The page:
I wonder if closed expression can be found for sums of harmonic numbers with a squared argument.

Examples are

$$s_{1}=\sum_{k=1}^\infty \frac{ H(k^2)}{k^2} \simeq 3.28709\tag{1}$$
$$s_{2}=\sum_{k=1}^\infty (-1)^{k+1} \frac{ H(k^2)}{k}\simeq 0.456221\tag{2}$$ $$s_{3}(x)=\sum_{k=1}^\infty x^k H(k^2)\tag{3}$$

I tried the representation

$$H(z) = \int_0^1 \frac{1-x^z}{1-z}\,dx\tag{4}$$

which leads to the sums of the type

$$p_1=\sum _{k=1}^{\infty } \frac{y^{k^2}}{k}\tag{5a}$$ $$p_2=\sum _{k=1}^{\infty } \frac{y^{k^2}}{k^2}\tag{5b}$$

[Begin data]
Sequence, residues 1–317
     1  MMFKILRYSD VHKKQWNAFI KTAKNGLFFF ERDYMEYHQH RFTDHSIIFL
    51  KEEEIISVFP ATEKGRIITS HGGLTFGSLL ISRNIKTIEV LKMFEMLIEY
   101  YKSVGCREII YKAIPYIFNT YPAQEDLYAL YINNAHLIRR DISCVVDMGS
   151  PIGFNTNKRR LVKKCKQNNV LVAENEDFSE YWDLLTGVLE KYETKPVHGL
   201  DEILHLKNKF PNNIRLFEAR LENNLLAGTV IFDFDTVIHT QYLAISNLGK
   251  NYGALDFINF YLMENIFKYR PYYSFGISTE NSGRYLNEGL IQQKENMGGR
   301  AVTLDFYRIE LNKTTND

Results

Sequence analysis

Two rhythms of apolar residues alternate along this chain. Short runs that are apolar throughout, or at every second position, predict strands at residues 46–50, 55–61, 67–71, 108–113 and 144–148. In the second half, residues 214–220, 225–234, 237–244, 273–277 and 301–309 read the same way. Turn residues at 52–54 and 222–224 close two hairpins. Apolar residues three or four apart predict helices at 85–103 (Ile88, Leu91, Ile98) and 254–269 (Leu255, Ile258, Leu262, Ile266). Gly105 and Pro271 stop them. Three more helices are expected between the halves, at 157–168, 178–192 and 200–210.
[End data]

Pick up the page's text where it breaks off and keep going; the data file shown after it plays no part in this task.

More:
related to Jacobi elliptic functions which I could not evaluate. Can you do better?

  • $\begingroup$ Equal to:$\sum _{k=1}^{\infty } \frac{H_{k^2}}{k^2}=-\frac{\pi ^2}{12}+\frac{1}{2} \pi \sum _{j=1}^{\infty } \frac{\coth \left(\sqrt{j} \pi \right)}{j^{3/2}}$, but no hope for closed form.:( $\endgroup$ – Mariusz Iwaniuk Jan 12 at 13:01
  • 1
    $\begingroup$ @Mariusz Iwaniuk Thank you. I find your formula starting from the definition $H_{k^2} = \sum_{n=1}^\infty \left(\frac{1}{n} - \frac{1}{n+k^2}\right)$. $\endgroup$ – Dr. Wolfgang Hintze Jan 12 at 21:10

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